When the sobering statistic first surfaced that 1 out of 5 teenagers is sexting, many parents panicked. They weren’t prepared to deal with this new phenomenon that simply didn’t exist when they were growing up.
Other surveys on sexting followed, but many were more conservative in their estimates. Some reported numbers as low as 9%, which were mostly inflated by 16- and 17-year-olds, not tweens or younger teens:
- 4% of 12-year-olds have received sexts
- 20% of 16-year-olds have received sexts
- 30% of 17-year-olds have received sexts
- 46% of young adults 20-26 have received sexts
At this point parents, especially parents of tweens and younger teens, relaxed a little. Sexting was still an issue, to be sure, but in their minds it was more of a high school issue, and the sexting problem got downgraded from a major hurricane to a Category 1 tropical storm.
The problem is that while parents of younger children are putting sexting off their radar, their children are busy acting older and older. Today’s 16-year-olds behave like the 20-year-olds of five or ten years ago. This effect repeats itself right down to the preschool set – today’s preschoolers play with Spider-Man action figures and Barbie Fairytopia instead of blocks and baby dolls. Marketers even have an acronym for this trickle-down effect in childhood: KGOY (kids getting older younger.)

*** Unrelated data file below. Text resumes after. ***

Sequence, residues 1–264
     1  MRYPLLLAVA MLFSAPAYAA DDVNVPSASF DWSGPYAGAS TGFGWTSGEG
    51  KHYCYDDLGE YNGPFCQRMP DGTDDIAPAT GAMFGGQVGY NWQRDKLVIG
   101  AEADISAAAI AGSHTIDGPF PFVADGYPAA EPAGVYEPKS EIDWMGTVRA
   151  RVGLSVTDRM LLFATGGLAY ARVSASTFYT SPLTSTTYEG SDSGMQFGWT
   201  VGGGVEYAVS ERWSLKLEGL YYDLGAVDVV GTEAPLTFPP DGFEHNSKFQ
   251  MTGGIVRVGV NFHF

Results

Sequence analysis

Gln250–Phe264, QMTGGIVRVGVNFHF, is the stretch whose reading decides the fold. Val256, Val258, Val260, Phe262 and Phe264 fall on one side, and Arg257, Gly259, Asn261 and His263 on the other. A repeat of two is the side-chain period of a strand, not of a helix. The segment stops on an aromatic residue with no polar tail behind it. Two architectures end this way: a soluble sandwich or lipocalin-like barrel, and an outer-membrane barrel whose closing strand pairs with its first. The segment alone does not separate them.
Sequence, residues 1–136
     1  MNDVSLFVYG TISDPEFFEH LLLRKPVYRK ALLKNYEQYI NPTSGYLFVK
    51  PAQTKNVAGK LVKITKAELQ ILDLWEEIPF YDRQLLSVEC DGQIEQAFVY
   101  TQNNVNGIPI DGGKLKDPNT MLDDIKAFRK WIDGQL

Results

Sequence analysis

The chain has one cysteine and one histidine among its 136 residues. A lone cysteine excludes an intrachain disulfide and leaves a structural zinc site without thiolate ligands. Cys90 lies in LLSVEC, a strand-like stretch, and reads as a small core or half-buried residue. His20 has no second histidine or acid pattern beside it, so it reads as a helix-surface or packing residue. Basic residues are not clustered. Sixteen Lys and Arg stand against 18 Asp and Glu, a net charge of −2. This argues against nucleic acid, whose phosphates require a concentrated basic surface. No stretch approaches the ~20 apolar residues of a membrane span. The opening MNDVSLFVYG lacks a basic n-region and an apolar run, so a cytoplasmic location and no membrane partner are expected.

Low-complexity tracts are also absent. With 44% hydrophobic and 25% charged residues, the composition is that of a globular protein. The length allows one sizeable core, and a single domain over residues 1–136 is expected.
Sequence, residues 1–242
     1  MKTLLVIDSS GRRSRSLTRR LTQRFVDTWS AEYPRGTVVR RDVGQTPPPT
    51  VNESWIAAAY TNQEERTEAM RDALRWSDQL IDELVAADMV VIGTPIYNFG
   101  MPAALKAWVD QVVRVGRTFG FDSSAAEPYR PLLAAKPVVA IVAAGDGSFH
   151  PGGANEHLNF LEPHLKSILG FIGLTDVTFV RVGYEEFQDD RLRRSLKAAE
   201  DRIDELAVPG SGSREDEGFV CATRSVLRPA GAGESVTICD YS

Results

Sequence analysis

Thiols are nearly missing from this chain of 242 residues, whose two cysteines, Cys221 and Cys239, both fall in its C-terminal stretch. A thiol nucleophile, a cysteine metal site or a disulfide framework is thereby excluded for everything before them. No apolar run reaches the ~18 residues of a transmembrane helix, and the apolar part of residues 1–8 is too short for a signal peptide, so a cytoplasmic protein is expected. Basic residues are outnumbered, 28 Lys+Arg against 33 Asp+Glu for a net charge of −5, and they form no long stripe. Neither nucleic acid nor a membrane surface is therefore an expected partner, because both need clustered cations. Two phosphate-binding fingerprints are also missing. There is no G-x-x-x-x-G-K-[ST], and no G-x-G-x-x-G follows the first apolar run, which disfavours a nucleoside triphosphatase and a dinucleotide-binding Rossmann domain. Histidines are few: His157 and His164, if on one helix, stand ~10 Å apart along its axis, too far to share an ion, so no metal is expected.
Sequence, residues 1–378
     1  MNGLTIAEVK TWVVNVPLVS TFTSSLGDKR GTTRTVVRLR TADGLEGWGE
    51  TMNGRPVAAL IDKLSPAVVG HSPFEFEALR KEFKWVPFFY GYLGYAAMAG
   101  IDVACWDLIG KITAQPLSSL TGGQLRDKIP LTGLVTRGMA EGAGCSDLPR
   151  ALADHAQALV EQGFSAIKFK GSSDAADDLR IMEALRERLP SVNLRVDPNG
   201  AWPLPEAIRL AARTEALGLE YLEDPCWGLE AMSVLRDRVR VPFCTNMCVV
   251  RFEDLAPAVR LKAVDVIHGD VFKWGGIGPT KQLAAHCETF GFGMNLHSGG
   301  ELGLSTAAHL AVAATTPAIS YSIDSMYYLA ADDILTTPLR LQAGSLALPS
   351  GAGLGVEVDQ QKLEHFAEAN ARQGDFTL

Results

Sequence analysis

Younger kids are extremely quick to catch up to what older teens are doing, and parents cannot be too complacent on this issue. It’s hard for parents to begin talking to their children too early about sexting, because parental perceptions of “how old” their child is doesn’t account for KGOY.
So when do you plan on beginning to talk about sexting? When your child receives their first phone? When they hit junior high? Depending on your child, it may not be too soon to start a dialogue about sexting as early as 8 years old. Reardless of when thise conversations begin, oversight is important. Be sure to use a service like uKnowKids for mobile phone monitoring.